Mind Wide Open by Steven Johnson


This is a magnificent book. I am lucky to have been able to listen to it via audiobook.

There were a few “dry” spots in the book, but for the most part I couldn’t stop listening to it. Dry because the topics mentioned were complex and in depth; nevertheless, Steven Johnson’s superb writing ability was able to make it enjoyable and entertaining.

This is a book about you, me, everyone… with a brain. It explains how we act and why, using modern neuroscience and psychology. He even references and sometimes challenges theories created by the father of Psychoanalytic Psychology, Sigmund Freud.

It’s more evident to me that we are nurtured nature, but that’s a whole different story/debate.

Final Thoughts: It’s a good read/listen. I give it a 4.5/5.

The Law of Attraction by Michael Losier


I found this book to be informative, easy to comprehend, and practical. It is short and to the point. The ideologies presented are profoundly interesting. Along with the Law of Attraction, Mr. Losier briefly mentions NLP (Neuro Linguistic Programming). And how they can be used to change and shape our lives.

Although very interesting, I discovered that I have fortunately been using the Law of Attraction since I could remember ever wanting anything. Let me elaborate, it seems the “Law of Attraction” is a more scientific way of explaining these ways of thinking:

  • Keep your mind on the goal and don’t let anything make you doubt yourself.
  • Have a positive attitude at everything you want, stay confident.
  • The cup is half full, fill it up… it’s not half empty.
  • Surround yourself: with things you value, positives, people that are in tune with your wants.

As previously mentioned, I have always had a positive outlook on everything, therefore the Law of Attraction was not something that was extremely radical or new to me.  It was just a different way of viewing things.

However, I did come to the realization that when I changed the exercises around a little, they were helpful in shaping the ways in which my children think and view life… you know how kids are always questioning if they are doing things correctly… diffidence.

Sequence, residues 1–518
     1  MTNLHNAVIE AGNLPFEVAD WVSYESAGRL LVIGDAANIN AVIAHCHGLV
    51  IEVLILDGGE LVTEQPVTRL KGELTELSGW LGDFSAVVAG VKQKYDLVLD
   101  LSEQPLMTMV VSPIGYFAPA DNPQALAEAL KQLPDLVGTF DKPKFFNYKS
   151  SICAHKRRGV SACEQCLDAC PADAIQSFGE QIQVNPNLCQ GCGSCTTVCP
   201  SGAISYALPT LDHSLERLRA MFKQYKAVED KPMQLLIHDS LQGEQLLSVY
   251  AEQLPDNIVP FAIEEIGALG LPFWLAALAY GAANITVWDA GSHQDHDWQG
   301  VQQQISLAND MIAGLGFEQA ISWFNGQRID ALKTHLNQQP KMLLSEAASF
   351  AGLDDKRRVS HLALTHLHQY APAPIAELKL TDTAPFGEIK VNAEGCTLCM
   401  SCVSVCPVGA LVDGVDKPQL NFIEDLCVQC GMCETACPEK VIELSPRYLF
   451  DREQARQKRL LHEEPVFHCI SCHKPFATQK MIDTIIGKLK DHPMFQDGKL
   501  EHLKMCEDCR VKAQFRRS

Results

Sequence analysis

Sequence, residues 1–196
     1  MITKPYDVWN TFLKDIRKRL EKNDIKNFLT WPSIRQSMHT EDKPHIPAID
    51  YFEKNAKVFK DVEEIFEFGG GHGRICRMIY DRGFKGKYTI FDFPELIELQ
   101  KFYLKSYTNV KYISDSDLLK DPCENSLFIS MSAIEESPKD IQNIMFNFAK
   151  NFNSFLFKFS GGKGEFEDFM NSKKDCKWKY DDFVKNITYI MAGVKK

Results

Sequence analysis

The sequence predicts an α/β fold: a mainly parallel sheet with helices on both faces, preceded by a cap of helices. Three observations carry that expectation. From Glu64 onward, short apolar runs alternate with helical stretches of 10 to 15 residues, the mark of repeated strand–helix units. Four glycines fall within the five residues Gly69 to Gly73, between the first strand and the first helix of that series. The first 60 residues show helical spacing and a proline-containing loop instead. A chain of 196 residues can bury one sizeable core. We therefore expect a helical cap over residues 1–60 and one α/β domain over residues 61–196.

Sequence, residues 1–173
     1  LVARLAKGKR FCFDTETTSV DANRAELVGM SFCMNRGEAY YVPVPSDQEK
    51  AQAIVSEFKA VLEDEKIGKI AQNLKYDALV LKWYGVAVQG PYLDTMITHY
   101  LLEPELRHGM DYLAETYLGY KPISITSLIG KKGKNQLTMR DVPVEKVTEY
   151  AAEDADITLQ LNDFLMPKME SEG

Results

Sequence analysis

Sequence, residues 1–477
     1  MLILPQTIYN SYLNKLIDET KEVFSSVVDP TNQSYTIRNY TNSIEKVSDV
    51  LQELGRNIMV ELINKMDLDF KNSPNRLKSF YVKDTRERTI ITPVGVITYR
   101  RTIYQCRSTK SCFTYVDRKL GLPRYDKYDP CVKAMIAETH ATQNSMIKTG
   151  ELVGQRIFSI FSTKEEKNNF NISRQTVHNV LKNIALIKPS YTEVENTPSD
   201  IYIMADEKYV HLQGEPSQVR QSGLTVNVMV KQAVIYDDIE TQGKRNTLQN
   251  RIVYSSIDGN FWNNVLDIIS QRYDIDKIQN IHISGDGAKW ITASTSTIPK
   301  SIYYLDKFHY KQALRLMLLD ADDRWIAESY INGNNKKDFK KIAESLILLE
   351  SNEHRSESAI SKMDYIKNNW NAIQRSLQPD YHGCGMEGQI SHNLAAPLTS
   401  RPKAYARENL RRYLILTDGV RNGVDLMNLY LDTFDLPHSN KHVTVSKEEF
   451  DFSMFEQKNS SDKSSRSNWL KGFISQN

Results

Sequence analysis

Anyways, for those of you out there that need a little reminder or motivation on how you should think when you have a goal in mind then this is book is a “must read.” But on a general basis, this book is a “should read.” It brings up very interesting topics… some of which are denounced by the scientific community.

I give it 4/5 stars.

A Short History of Nearly Everything

A Short History of Nearly Everything by Bill Bryson.


I read this book to compare Bill Bryson’s view of “everything” against Steven Hawkins’ “A Brief History of Time.”

But there was no way to compare the two books. To my dismay this book was 20% about the universe’s exciting mysteries and 80% about the drama that we went through to uncover some of the universe’s mysteries.

So if you are looking for a book about science, DO NOT READ THIS BOOK, it will be a waste of your time. Its all histrionic stories of our past struggles as a race.

Review Thoughts: I give this book a 2/5 stars. Do not read it.

*With that said if the book were titled differently… maybe: Historical Drama, tales of our ancestors; I would give it a 5/5.


A Briefer History of Time

I vaguely remember when Stephen Hawking’s first version of this book came out, but I do remember reading it. It was an easy read; the concepts were explained in ways that made understanding them a cinch.

Now with, A Briefer History of Time, Mr. Hawking out does himself by making the scientific concepts even easier to understand.

Even with science not being my most knowledgeable subject, the book was profoundly easy to understand and intuitively concise. The reading was so enjoyable that I finished the book in a couple days. I love how the book is structured, chronologically; it is riveting to see our concept of God and the universe changed over time.

Moreover, it’s up to date! It includes an explanation of the widely accepted unified “string theory” and our more modern technical achievements (i.e. satellites, telescopes, etc). It doesn’t stop there; this book has sufficient illustrations that help with conceptualizing and discerning the truth…

Review Thoughts: Rating (5/5). It’s a must read, even if you have read the older version.